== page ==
Wysox Township selects bid for FEMA backed road work

Wysox Township Supervisors T Thompson and William Them conduct a meeting on Wednesday afternoon.

WYSOX TOWNSHIP — The Wysox Township Board of Supervisors carried a motion to accept Insinger Excavating’s low bid for construction work repairing a collection of flood damaged roads in their regularly scheduled meeting on Wednesday afternoon.

The August of 2018 floods created an estimated $500,000-$600,000 in damages to township roads including Fall Run Road, Glen Road, Harmony Hill Road one and two, and River Access Road. The roads suffered extreme erosion damage. A portion of Fall Run Road has been reduced to a one-lane road.

The township does not expect to have to foot the bill for the flood damage projects. The language on the contracts sent out to bid included a contingency that stipulates that the project would have to be paid for by FEMA, PEMA or a combination.

Township manager Jon Kulick said in the meeting that he expects representatives from FEMA to come and survey the damages on June 19 and give a final determination on if the agency would pay for the damages soon after. If FEMA declines to foot the bill for the roads, the township may cancel the awarded bid.

There were two bids opened for the road projects. MR Dirt bid $467,400.80 and Insinger Excavating bid $465,098. The motion to accept the low bid carried unanimously.

Also in the meeting, it was announced that two residents residing on Shiner Road had made it aware to the township that they would like to have signs that make it clear that brake retarders are prohibited. Township Manager Jon Kulick approached PennDOT to get permission to put up the signage and said that permission was granted.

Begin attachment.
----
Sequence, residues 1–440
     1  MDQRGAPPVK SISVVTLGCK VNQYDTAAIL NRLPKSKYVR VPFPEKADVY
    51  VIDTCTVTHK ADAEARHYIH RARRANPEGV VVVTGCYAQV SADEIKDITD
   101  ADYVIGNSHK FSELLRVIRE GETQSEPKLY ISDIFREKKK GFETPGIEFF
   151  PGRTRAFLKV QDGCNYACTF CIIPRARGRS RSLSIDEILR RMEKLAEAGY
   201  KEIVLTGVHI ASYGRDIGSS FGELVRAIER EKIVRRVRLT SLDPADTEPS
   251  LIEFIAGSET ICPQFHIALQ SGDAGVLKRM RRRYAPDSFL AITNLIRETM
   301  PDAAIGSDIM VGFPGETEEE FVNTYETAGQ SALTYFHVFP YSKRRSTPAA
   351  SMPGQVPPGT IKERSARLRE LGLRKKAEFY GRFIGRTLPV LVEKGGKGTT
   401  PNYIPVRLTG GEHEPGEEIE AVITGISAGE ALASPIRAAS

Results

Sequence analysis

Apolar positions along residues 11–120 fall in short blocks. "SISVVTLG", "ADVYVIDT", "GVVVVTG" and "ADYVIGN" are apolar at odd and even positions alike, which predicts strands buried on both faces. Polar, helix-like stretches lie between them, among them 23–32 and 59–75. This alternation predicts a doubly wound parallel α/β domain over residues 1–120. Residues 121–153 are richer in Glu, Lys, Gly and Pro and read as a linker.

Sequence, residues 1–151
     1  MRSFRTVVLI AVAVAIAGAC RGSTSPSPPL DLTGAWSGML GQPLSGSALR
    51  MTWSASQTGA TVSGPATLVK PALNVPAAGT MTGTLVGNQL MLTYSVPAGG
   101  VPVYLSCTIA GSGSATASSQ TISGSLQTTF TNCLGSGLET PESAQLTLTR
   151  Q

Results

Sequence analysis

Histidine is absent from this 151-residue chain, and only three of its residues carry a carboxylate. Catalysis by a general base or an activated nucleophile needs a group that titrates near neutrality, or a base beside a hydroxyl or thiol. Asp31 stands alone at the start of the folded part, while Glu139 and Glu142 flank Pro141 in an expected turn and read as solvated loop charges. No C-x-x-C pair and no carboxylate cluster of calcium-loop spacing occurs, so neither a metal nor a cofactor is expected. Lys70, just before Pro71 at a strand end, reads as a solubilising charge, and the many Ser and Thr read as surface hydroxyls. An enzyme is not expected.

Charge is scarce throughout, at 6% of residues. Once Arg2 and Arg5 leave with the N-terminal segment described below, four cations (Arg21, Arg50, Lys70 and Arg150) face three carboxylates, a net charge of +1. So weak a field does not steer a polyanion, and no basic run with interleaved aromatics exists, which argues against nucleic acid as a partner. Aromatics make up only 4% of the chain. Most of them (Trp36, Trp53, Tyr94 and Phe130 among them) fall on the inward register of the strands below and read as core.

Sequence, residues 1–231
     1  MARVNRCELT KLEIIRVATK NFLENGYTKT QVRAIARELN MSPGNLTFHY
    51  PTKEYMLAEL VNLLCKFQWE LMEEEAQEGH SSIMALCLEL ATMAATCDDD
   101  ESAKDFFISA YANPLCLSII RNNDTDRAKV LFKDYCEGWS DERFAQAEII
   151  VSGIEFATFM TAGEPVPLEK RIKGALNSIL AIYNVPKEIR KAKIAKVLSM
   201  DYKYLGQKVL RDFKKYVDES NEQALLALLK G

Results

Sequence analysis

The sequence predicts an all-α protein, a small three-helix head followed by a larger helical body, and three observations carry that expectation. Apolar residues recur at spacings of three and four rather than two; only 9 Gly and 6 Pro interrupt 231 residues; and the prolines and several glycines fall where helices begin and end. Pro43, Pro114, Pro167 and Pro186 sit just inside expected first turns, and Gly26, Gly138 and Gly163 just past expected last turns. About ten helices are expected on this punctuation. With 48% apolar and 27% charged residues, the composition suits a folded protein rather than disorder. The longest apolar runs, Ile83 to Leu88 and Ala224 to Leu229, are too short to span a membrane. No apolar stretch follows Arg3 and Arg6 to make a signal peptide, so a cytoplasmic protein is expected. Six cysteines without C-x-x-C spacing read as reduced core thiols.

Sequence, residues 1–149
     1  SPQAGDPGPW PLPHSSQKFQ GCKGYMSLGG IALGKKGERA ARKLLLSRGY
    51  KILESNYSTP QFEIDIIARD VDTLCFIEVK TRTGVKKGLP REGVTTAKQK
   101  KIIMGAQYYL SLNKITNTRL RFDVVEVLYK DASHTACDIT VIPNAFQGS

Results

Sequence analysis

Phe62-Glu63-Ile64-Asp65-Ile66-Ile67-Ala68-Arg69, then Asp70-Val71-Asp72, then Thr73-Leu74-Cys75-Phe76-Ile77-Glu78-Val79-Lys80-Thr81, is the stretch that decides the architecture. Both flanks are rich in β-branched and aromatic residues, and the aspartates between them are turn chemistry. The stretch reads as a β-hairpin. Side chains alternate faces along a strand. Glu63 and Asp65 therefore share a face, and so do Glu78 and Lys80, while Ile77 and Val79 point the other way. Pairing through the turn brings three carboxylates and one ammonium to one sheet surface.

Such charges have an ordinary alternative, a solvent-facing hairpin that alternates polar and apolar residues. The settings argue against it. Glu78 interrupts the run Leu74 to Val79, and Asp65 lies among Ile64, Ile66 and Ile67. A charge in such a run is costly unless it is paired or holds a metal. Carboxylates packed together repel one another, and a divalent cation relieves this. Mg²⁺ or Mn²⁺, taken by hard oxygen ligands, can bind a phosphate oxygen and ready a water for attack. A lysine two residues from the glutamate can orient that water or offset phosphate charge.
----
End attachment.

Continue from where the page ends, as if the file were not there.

“The next step is the township has to enact the ordinance and put the signs up,” Kulick said in the meeting.

Kulick and township officials are suspicious as to if the signs will help the issue of engine brakes being used because the township does not have a police force to enforce the restriction and would have to rely on state police to do so.

“The key to all of this is the enforcement,” Kulick remarked.

Township Supervisor Evan Barnes was curious as to why engine brakes were even being used on the flat Shiner Road that runs parallel to the Golden Mile behind Jeld-Wen.

A motion to submit the ordinance for PennDOT’s approval was carried.

The supervisors also passed an ordinance in the meeting that stipulates how much of the township’s recently enacted local services tax is to be dispersed to the Wysox Township Fire Department.

State law allows municipalities to enact a local services tax, or a tax on each person that holds a job in the township, as long as the municipality contributes at least 25% of the revenue from the tax to an emergency service provider.

The supervisors decided to allocate half of the revenue from the tax to the Wysox Township Fire Department via an ordinance. William Them and T Thompson voted to carry the motion to adopt the ordinance, Barnes abstained due to a conflict of interest. He serves as the Wysox Fire Department’s Assistant Chief.

Connect with Coy: (570) 265-2151 ext. 1633; cgobble@thedailyreview.com; Facebook @CoyGobbleDailyReview.